WASHINGTON - The Federal Home Loan Bank System grew to a record $241 billion in assets - nearly the size of Citicorp - and to 5,328 members at the end of last year, its regulator reported this week.
System loans to member thrifts, banks, credit unions, and insurance companies reached $126 billion by yearend, up 22% from 1993, the Federal Housing Finance Board reported.
"Nineteen ninety-four was a good year. The system has grown prudently," said Nicolas P. Retsinas, head of the finance board.
Mr. Retsinas, who is also the Department of Housing and Urban Development's assistant secretary for housing, said that by March 31 the Clinton administration will introduce legislation to overhaul the system .
While he refused to disclose details of the bill, Mr. Retsinas said the legislation would propose changes in the system's mission, structure, membership requirements, capital rules, and governance.
As expected, the bill would make membership in the system voluntary and would require the system to keep capital on hand, Mr. Retsinas said. The bill is primarily being drafted by HUD and the Treasury Department.
The system's assets climbed 35% in 1994. Its income was $1 billion, up 16% from the end of 1993, the finance board said.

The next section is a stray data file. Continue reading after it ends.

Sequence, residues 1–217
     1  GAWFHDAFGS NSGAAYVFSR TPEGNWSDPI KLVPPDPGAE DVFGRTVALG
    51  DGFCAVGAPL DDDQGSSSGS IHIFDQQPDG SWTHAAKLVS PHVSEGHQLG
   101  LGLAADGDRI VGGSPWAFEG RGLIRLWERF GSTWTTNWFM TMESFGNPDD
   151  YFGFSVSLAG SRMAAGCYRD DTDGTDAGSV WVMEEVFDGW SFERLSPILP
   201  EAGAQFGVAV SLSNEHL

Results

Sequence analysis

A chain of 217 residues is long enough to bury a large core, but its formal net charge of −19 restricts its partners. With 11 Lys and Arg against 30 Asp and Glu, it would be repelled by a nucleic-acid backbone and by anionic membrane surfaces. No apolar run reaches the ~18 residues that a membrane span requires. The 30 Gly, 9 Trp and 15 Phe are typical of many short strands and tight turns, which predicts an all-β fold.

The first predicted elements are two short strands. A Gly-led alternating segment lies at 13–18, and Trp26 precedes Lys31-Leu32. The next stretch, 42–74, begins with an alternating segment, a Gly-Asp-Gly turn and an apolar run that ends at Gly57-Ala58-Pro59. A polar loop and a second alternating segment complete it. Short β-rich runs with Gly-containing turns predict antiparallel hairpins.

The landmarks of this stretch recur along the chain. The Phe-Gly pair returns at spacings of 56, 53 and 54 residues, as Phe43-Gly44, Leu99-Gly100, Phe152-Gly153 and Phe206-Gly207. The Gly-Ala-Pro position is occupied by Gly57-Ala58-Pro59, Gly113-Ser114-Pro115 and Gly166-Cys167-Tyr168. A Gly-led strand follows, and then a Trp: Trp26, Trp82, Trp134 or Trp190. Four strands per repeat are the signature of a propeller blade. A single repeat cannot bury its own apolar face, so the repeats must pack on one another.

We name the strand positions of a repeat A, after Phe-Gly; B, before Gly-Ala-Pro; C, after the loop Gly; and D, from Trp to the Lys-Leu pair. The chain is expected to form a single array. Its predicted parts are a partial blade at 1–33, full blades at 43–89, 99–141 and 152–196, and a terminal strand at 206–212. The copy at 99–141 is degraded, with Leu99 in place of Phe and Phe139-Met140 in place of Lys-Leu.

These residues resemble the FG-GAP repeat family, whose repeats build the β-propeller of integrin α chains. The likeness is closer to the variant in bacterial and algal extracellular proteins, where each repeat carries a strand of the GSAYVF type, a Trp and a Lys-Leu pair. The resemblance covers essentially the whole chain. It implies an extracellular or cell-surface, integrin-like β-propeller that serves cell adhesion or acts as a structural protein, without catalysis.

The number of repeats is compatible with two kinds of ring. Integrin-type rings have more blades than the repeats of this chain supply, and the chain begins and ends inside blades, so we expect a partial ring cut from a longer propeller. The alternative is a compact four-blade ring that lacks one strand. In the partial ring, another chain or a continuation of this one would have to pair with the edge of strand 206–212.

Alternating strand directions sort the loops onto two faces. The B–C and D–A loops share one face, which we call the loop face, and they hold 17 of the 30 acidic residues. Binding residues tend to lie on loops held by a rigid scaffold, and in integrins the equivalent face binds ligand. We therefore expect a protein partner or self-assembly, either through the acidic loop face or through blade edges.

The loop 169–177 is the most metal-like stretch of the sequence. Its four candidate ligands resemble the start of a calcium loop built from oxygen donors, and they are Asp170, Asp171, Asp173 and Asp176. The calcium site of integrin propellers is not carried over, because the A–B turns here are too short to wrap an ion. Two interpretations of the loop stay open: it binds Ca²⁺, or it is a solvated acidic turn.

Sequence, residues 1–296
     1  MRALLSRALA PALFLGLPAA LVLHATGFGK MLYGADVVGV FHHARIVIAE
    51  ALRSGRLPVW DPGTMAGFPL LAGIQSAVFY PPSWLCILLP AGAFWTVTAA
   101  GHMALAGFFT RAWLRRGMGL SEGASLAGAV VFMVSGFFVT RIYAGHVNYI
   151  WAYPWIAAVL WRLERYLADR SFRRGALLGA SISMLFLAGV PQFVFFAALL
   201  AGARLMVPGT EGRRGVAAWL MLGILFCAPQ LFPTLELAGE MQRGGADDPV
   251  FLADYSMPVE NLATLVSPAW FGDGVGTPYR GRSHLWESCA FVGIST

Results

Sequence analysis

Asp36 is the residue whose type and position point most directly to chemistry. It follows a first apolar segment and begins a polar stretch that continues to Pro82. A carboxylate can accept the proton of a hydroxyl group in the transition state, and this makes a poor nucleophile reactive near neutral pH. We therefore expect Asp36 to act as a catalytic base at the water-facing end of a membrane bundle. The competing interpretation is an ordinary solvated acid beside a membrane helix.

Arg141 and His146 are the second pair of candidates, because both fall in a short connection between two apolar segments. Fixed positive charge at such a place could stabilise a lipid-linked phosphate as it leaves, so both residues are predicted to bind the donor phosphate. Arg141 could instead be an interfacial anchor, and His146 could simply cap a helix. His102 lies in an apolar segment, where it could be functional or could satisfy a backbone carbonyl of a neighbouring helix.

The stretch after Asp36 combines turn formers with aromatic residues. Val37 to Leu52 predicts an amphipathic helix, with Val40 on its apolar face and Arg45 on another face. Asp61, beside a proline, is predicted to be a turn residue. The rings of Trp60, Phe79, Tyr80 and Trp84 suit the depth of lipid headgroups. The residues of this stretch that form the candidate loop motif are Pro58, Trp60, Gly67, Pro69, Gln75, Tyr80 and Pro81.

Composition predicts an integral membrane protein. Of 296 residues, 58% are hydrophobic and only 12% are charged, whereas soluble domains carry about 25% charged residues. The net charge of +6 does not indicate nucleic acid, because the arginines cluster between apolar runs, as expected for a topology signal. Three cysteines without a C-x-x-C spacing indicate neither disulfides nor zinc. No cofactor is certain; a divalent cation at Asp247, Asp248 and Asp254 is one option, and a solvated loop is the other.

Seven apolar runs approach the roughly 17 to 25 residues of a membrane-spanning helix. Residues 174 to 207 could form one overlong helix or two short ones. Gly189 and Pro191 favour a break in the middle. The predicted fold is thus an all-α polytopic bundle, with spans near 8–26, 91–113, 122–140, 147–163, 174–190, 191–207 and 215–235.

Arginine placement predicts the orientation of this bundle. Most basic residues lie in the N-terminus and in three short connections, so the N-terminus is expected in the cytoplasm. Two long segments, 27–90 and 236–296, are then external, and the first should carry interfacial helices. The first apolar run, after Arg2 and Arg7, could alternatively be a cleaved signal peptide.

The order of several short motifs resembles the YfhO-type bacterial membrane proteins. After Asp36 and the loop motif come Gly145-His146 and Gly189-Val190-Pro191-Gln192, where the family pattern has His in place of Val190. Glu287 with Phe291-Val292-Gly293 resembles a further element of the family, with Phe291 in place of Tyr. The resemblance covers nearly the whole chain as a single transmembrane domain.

In 1994, 875 banks and thrifts joined the system, bringing its total membership up 20% from 1993. The 5,328 members comprise 3,149 commercial banks, 2,072 thrifts, 86 credit unions, and 21 insurance companies.
The Clinton administration recently renominated its two candidates for open seats on the finance board, lawyer J. Timothy O'Neill and former Congressman Bruce Morrison. Mr. Retsinas said, "The administration is cautiously optimistic" that the Senate will confirm them.
However, Mr. Retsinas refused to say whether the administration had reached any agreement with Sen. Phil Gramm, who blocked the nominations last year.
The bank system's two affordable housing programs also grew last year. Its community investment program made more than $2.5 billion in new advances last year, up 40% from 1993. Those loans will finance 56,700 units of housing.
The system's affordable housing program provided $88.8 million in grants last year, up from $65.7 million in 1993. The 1994 grants financed 22,900 new housing units, 17,300 of which were for those with very low incomes.